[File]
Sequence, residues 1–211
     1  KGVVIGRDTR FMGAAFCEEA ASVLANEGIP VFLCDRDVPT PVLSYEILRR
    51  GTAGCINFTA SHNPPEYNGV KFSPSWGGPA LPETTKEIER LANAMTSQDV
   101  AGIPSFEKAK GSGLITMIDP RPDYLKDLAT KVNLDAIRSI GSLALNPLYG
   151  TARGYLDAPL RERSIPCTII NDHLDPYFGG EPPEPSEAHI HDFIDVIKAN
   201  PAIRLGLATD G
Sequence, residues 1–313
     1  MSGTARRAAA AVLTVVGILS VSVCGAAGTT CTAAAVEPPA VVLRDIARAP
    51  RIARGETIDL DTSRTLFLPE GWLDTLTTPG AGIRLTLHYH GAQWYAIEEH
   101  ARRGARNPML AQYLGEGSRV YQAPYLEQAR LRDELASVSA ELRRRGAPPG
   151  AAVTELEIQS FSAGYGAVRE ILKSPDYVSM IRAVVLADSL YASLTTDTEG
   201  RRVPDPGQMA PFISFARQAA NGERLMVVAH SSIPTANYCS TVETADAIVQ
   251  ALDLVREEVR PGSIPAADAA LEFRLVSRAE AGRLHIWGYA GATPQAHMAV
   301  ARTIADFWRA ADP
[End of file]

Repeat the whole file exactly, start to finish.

Sequence, residues 1–211
     1  KGVVIGRDTR FMGAAFCEEA ASVLANEGIP VFLCDRDVPT PVLSYEILRR
    51  GTAGCINFTA SHNPPEYNGV KFSPSWGGPA LPETTKEIER LANAMTSQDV
   101  AGIPSFEKAK GSGLITMIDP RPDYLKDLAT KVNLDAIRSI GSLALNPLYG
   151  TARGYLDAPL RERSIPCTII NDHLDPYFGG EPPEPSEAHI HDFIDVIKAN
   201  PAIRLGLATD G
Sequence, residues 1–313
     1  MSGTARRAAA AVLTVVGILS VSVCGAAGTT CTAAAVEPPA VVLRDIARAP
    51  RIARGETIDL DTSRTLFLPE GWLDTLTTPG AGIRLTLHYH GAQWYAIEEH
   101  ARRGARNPML AQYLGEGSRV YQAPYLEQAR LRDELASVSA ELRRRGAPPG
   151  AAVTELEIQS FSAGYGAVRE ILKSPDYVSM IRAVVLADSL YASLTTDTEG
   201  RRVPDPGQMA PFISFARQAA NGERLMVVAH SSIPTANYCS TVETADAIVQ
   251  ALDLVREEVR PGSIPAADAA LEFRLVSRAE AGRLHIWGYA GATPQAHMAV
   301  ARTIADFWRA ADP